Your POS system should:

  • Give detailed sales reporting (Based on many elements such as product, hour, employee, net profit, gross margin, etc.)
  • Report sales performance and providing quick snippets and chart representations

Inventory Management: This is one of the very important functions of a POS system is inventory management so you keep track of the products you have or don’t so you know when to order them.

Your POS system should:

  • Scan and count product numbers
  • Manage and maintain your stock with its variations
  • Label each product with a serial number
  • Track inventory levels and numbers
  • Make seamless ordering possible (Such as automatic ordering of best-sellers)
  • Consolidate purchases and orders in one place

Customer Management: Building relationships with your customers via CRM that makes customer data trackable.

Your POS system should give you the ability to:

  • Match a transaction to a customer
  • Track your customer purchase history
  • Record customer’s information such as age, birthday, phone number, etc.
  • Utilize email marketing to keep customers updated
  • Some advanced POS contains loyalty programs

Employee Reporting and Management: Performance of your employees is very important to track, so you can set sales targets and identify your top achievers and those who are lagging behind and need coaching, the thing that will help you push your sales ahead.

Your POS system should give you the ability to:

  • Introduce new employees to the system
  • Create schedules for employees
  • Email schedules to employees
  • Track employees working hours
  • Identify your top performers

Choosing the Best POS System: Questions to Ask


When choosing a POS for the first time, try thinking of what features you need the most, then talk to other business owners to see which systems they are using and what they like or dislike in them.

After that, you could possibly have formed an idea about the needed solution with the related features that your business needs.

Also, when choosing a POS system, bear in mind that you will need one that is easy to use, flexible in pricing and provide insights that are actionable, with the proper security, durability while providing unprecedented customer service.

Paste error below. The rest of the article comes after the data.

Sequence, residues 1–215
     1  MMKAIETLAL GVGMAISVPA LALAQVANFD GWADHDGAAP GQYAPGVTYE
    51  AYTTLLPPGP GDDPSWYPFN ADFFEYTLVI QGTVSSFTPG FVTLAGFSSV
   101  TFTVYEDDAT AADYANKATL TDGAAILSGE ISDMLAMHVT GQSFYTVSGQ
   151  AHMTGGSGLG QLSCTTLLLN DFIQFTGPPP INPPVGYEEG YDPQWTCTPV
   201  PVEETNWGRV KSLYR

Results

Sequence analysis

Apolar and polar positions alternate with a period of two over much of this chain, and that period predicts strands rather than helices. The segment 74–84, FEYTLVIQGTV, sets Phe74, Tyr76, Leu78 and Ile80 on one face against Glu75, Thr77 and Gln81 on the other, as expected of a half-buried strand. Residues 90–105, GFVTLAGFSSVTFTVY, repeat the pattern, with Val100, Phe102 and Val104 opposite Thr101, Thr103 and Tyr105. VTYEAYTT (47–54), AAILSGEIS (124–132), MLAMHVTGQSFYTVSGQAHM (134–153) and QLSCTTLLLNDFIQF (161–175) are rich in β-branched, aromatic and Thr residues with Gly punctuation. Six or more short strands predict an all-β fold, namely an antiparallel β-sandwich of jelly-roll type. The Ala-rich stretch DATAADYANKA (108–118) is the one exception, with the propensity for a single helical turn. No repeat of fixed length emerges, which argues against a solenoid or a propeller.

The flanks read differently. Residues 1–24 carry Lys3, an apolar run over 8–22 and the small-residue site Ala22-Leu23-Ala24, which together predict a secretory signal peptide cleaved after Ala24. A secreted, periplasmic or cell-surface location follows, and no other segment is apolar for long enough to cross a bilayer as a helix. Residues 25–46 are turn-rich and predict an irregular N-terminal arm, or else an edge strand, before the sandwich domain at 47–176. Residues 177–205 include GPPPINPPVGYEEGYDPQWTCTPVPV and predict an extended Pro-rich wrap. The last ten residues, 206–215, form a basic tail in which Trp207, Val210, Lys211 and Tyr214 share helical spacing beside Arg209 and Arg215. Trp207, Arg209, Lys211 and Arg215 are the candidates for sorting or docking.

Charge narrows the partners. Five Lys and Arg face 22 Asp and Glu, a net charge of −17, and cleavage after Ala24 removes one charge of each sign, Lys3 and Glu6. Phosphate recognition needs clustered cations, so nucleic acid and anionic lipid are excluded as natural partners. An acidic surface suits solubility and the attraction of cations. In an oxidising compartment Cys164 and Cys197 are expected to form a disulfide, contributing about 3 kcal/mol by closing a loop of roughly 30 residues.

Once you start talking to vendors, be sure to ask questions that demand definitive answers.

The next step then would be talking to vendors and investigated their offered solutions. Some questions could be:

Whether their POS system can integrate with your existing software platforms?

The thing that will save you time and money when they integrate with your website or accounting system.

What are the payment methods that the POS system can accept?

Having a POS that enable accepting chip-equipped credit or debit cards is important. Also, make sure your terminal is EMV-compliant.

How much does the software cost?

POS systems could either cost you as little as few hundreds of dollars to tens of thousands for a custom solution.

Do you have to sign a contract?

If yes it means that you will be needing to commit to the service until the contract is over, if it does not meet your expectations.

Will be there some hidden fees?

There could be possibly some hidden fees in the processing of payment such as during activation, early termination, downloads, transaction fees for different credit or debit cards, and so on.

Is any hardware proprietary?

A proprietary POS system can offer easier functionality, however, if you are looking for customization it will be restricted as it will only be compatible with equipment from the same company, which you should be aware of in advance.


It would be imperative that you research the most popular POS systems that are recommended by your fellow business owners to choose the best one. Complete a retail software questionnaire and read reviews of those who bought their POS systems, and you will be on your way to get what suits you best and get will transform the way you do business for maximum sales and best day-to-day business practices.